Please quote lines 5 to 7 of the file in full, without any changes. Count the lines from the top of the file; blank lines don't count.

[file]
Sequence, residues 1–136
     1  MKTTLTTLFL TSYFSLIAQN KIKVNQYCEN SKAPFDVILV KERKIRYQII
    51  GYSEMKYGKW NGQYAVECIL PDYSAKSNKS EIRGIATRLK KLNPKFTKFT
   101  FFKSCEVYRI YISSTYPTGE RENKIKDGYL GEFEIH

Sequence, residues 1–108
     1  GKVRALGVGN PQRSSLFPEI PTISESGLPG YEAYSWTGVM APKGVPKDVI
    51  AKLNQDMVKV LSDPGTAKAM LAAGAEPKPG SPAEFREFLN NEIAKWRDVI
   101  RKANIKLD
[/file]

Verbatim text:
Sequence, residues 1–108
     1  GKVRALGVGN PQRSSLFPEI PTISESGLPG YEAYSWTGVM APKGVPKDVI
    51  AKLNQDMVKV LSDPGTAKAM LAAGAEPKPG SPAEFREFLN NEIAKWRDVI